CNS 2014 Blog
Part 1 of 2 about the role of social context in how we see people
When you look at a face, you don’t just see what’s in front of you. You are also processing a whole host of social information about the person. And this happens fast – as quick as one-tenth of a second – according to new research that shows that we almost immediately categorize people into social groups independent of racial or other visual cues to group membership.
“Many prominent models of face and person perception ignore the role of the social context,” says Jay Van Bavel of New York University. Work by Van Bavel and others, being presented next month at the Cognitive Neuroscience Society (CNS) annual meeting in Boston, hopes to “illuminate the fundamental role of social relationships, goals, and context” in how we perceive people, Van Bavel says.
Using behavioral studies, electroencephalography (EEG), and fMRI imaging, Van Bavel and his colleagues have been studying how group identities shape our evaluations of other people. In one experiment, he found that assigning people to a mixed-race group overrides racial biases – suggesting that our perceptions of race are more about whether people are part of our social group than about the color of a person’s skin.
As Van Bavel and Mina Cikara of Carnegie Mellon University argue in a new review paper in Perspectives in Psychological Science, a growing body of work shows that how we categorize ourselves into groups is very flexible and dependent on a number of situational factors. Therefore, it is necessary to blend social psychology with neuroscience to understand how we view “us” vs. “them.”
A key question is whether our brains can visually see race. In new work, Van Bavel and colleagues tested whether Afrocentric versus Caucasian facial features are still represented in the visual system, even when there is no evidence of racial bias. As in previous behavioral studies, the researchers assigned participants to mixed-race groups where they had to memorize the faces of the members of their team. They then looked at how the participants categorized their team members while in an fMRI scanner.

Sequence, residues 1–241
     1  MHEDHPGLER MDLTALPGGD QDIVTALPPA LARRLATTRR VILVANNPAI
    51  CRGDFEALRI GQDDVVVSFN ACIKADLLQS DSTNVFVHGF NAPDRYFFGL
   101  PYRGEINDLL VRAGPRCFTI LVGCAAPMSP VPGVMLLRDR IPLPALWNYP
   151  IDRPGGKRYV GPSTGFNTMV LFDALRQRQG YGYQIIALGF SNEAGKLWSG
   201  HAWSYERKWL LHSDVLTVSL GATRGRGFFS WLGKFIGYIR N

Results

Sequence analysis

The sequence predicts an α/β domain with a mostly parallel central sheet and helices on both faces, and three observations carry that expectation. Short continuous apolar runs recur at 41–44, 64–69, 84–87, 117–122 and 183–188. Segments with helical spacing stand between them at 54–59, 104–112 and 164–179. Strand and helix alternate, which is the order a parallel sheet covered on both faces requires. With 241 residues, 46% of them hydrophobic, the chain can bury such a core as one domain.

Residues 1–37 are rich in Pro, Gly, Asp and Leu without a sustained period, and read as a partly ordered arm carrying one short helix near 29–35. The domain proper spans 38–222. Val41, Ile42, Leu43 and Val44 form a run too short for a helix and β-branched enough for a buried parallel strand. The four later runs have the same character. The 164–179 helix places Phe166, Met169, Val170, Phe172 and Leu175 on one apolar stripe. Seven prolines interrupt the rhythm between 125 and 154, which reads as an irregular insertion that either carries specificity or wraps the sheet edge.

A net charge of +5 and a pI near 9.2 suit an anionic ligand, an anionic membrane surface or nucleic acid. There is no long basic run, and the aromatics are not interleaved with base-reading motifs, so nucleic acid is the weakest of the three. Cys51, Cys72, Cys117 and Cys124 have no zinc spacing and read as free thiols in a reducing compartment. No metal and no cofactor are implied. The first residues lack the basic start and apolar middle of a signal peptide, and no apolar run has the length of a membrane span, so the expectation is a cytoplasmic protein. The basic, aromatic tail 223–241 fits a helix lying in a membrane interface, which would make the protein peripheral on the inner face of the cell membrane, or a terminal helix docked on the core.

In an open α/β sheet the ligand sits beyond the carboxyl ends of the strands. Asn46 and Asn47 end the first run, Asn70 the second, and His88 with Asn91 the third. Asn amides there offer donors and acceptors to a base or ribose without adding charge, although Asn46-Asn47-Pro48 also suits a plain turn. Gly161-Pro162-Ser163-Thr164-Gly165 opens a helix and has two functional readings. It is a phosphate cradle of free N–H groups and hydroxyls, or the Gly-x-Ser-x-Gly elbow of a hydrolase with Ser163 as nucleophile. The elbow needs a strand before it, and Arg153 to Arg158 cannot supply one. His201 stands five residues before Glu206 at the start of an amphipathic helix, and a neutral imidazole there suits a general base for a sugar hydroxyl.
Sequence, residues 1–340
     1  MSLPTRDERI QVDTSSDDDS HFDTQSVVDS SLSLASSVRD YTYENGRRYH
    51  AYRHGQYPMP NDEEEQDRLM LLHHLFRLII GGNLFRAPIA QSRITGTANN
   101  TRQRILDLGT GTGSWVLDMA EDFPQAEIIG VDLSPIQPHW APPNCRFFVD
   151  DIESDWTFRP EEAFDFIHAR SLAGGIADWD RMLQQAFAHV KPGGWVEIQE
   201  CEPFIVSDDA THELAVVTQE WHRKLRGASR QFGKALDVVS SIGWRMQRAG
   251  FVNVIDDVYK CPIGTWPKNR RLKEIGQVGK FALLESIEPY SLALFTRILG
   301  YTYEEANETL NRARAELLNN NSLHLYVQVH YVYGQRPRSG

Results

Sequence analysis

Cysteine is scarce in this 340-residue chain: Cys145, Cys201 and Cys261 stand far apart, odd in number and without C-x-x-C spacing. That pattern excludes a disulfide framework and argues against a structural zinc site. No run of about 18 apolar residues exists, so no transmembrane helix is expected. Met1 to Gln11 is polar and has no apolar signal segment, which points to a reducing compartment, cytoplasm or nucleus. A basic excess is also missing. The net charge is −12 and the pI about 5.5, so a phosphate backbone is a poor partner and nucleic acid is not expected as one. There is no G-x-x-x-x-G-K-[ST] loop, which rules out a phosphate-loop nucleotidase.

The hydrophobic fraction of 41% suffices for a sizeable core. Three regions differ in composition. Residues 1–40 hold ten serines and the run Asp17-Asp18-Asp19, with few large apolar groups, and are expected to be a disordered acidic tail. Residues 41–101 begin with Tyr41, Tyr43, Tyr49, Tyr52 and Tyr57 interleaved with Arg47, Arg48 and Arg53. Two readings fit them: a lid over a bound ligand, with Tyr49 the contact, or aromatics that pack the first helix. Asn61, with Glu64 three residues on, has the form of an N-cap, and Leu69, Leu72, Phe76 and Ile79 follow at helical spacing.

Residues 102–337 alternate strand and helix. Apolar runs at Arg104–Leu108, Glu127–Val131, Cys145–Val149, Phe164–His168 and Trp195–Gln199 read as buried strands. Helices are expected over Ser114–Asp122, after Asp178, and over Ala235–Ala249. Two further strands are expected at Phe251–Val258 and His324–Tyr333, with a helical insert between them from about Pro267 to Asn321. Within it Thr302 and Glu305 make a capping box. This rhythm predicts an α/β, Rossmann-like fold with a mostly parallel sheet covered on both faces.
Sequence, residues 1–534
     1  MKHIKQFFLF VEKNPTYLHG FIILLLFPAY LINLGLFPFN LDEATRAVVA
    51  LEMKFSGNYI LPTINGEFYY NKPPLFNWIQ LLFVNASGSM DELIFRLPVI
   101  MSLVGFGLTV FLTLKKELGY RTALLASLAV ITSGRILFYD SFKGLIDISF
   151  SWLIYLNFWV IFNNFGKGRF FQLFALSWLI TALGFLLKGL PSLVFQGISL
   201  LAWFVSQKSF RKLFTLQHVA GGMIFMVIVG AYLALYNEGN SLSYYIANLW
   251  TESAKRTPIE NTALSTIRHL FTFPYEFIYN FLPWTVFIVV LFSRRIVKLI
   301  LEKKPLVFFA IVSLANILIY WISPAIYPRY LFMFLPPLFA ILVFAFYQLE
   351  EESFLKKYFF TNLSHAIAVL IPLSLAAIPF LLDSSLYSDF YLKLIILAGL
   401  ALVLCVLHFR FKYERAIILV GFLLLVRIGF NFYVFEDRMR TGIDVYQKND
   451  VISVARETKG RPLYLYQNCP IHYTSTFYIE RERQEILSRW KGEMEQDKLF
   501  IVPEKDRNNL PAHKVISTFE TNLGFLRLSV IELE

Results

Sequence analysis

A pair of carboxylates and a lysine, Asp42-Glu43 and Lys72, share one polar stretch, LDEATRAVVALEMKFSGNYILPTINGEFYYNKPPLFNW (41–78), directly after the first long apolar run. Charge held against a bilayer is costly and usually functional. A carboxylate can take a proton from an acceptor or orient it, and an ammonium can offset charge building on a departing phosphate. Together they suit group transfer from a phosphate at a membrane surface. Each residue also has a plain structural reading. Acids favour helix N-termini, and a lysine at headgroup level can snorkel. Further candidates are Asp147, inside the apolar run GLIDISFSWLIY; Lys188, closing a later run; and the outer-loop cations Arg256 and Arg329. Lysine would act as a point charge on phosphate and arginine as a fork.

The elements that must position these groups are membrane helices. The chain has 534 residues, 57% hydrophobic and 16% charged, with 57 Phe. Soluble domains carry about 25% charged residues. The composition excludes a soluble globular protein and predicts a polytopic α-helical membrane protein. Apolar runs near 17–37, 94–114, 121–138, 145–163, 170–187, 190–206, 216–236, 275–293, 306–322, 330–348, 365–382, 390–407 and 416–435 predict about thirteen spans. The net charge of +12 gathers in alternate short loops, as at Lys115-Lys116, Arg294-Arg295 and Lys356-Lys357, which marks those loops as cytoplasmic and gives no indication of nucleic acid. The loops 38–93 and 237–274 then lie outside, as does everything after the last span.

The researchers found that despite participants identifying faces of a different race as part of their team, “multi-voxel pattern” analysis revealed race-based brain responses in the visual cortex: The researchers could identify the race of the faces based on an analysis of the participants’ brain patterns while categorizing them. “Although participants may have been egalitarian in terms of their perceptions and evaluations, they were not ‘color-blind’ so to speak,” Van Bavel says.
To better understand the timing of how our brains recognize race and categorize social groups, Van Bavel’s team is using EEG data. “According to most models of person perception, race should come first because it is visually salient and laden with stereotypic and prejudicial associations,” he says. “However, we have two EEG experiments showing that group membership may alter perceptual responses as early as 100 milliseconds after people are presented with a face.”
This research is evidence, he says, that people are highly sensitive to group alignments and these identities “appear to tune the perceptual system”. This is actually good news for racial stereotypes and bias: “People are not passive victims of their implicit racial biases,” Van Bavel says. “Instead, they may be able to create new environments where a common in-group identity can help shape their automatic reactions to others.”
Van Bavel will present this work as part of the mini-symposium Putting Person Perception In Context: Insights from Social Neuroscience on Sunday, April 6 at the CNS meeting in Boston. Read more about how race interacts with gender and emotion in a blog post later this week, featuring work by Jon Freeman, also to be presented in the mini-symposium.
-Lisa M.P. Munoz
Press can register now to attend the CNS annual meeting in Boston.